Oh, and then there's how they advertise eating establishments. I'm not talking about the local ads where Sal the pizza guy stares into the camera like a deer in the headlights of a teleprompter while pronouncing stilted copy accompanied by flabby gestures of excitement. No, the ads I work on are for national chains, like Olive Garden or Red Lobster, or for fast food like Taco Bell, Burger King, McDonalds, Dominos, Subway -- there's a lot of it out there, believe me. The funny thing about these ads is that, while they do have images of food that is as pretty and plentiful as any you've ever laid eyes on, their advertising strategy generally rests more on the experience of being in close proximity to the food than eating it. For instance, McDonalds' current campaign, "I'm lovin' it!", shows images of busy soccer moms squeezing in a little fun time with the kiddos. Olive Garden commercials, which employ the tagline, "When you're here, you're family," show groups of people laughing and cavorting and saying dialogue you can't hear (One entertaining part of those ads for me: if they cast sassy and easily bored actors, the dialogue often quickly spirals downward in taste, creating improvised scenarios having more to do with things like bondage or incest than your standard restaurant chit-chat. Sometimes the clients freak out when they hear the actors talking about herpes while smiling and twirling their product on their forks...which just makes it funnier). The idea is that these families are having a super-awesome experience that really has very little to do with those stale breadsticks and that glop-covered cardboard they call pasta. Chili's is similar, only it's dudes hanging out with their buds and talking smack; Dominos' ads are about how many pizzas you can get for your small investment and how fast you can get them; and Taco Bell used to be all about that little talking Chihuahua, until people finally got sick of that, so those ads are now are asking you to "think outside the bun." In short, you're not deciding what or where you want to eat so much as deciding, Am I the kinda person who's lovin' it, the kind who likes to eat fresh, or the kind who knows when it's real?
And lest we forget, there are the food ads that are all about sex. These are ads with some deep-throated siren describing to you the taste of something really really good, most likely chocolaty, and at some point assaulting you with an extreme close-up of lips being licked. The strange thing is that most of these ads are directed at women, trying to tempt them with the naughty, naughty vice of eating things with calories, which all of us good girls who want to be bad must associate with other naughty naughtiness. In other words, forbidden food is hot. Oh, but the ads for alcohol? Those are directed at men. They nearly all feature scantily-clad babes making eyes at the drinking dudes, the implication being that 1) only men drink beer, which really pisses me off as a beer-drinking female, and 2) the only way a man will score with someone this hot is to get her drunk. And since Knocked Up, the idea that this is really and truly possible has taken root in the male consciousness to an even more absurd degree, and so ads seem to feature it even more. Thanks for that Judd Apatow. Every time some really wasted guy leers down my shirt and tries to buy me a drink, I'll think of you.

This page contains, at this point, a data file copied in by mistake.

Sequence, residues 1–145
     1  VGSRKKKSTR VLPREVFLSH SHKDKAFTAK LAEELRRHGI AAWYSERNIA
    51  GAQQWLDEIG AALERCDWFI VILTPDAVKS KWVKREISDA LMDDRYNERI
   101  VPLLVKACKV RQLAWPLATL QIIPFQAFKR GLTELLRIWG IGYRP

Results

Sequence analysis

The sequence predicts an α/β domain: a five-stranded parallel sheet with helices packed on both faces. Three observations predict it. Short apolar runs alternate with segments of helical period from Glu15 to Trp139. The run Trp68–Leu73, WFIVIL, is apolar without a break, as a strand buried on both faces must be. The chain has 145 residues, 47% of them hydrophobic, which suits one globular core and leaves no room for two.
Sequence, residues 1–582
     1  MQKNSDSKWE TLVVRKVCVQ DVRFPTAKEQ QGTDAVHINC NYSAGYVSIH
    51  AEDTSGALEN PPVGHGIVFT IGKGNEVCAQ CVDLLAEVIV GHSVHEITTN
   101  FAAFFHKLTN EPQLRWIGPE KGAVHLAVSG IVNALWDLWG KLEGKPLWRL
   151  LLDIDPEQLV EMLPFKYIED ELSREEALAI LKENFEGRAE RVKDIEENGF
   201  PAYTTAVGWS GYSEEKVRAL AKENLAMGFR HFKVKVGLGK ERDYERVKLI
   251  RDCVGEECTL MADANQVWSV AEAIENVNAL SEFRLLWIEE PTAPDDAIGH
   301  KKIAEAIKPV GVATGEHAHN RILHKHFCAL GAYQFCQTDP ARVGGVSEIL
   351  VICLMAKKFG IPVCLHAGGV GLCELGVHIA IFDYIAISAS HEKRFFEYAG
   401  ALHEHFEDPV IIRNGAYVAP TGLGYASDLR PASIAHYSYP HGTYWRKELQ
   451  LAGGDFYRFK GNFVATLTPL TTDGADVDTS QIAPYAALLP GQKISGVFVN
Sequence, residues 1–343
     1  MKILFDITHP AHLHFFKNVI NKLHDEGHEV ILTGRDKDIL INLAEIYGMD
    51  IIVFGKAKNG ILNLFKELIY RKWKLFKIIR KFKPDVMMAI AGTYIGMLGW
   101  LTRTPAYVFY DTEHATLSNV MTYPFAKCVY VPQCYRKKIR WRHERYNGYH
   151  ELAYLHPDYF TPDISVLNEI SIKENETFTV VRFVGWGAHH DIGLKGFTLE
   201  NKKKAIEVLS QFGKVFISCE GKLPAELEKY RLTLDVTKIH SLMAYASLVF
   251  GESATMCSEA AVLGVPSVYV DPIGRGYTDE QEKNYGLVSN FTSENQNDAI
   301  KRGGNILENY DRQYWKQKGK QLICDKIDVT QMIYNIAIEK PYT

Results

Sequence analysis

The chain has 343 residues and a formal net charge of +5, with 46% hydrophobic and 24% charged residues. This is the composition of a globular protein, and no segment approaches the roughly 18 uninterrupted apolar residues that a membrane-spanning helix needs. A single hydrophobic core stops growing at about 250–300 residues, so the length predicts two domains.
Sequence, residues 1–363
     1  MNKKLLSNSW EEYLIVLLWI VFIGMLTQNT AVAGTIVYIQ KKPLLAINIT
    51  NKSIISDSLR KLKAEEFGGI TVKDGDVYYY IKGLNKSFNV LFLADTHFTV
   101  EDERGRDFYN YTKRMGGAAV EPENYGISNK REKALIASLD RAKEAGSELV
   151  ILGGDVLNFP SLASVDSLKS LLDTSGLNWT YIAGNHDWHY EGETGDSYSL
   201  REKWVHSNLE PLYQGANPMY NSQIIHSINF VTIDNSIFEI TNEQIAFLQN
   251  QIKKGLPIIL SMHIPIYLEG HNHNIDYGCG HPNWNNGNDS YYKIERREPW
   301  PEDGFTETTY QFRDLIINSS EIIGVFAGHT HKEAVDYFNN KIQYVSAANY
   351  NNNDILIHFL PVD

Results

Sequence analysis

But aside from that, what really disturbs me in all this is, if aliens were to intercept these ads, what would they think that humans actually do for sustenance? Because they certainly wouldn't think that we use food for that. And then of course if they came across terms like "hide the salami" or "drink your milkshake," they'd be even more confused. But I think this just reflects the general confusion we have as a society about what food is for. Not that other societies don't have it too, based on foreign commercials. According to their ads, food in Spanish-speaking countries is really 85% about sex, and food in Japan is for…well, I'm really not sure what, but it definitely involves throwing, yelling, and American celebrities embarrassing themselves. Most ironically, if we didn't have all these issues around food and what entices us to eat, we probably wouldn't be so fat while simultaneously worshiping women who look like stick figures; we wouldn't have hyperactive children who are allergic to everything but high-fructose corn syrup and chicken nuggets; and we wouldn't think that our enjoyment of life hinged on where we went to dinner. And God forbid, if we didn't have all of these messages telling us what and how to eat and how it would make us feel, we would actually learn to figure that out for ourselves.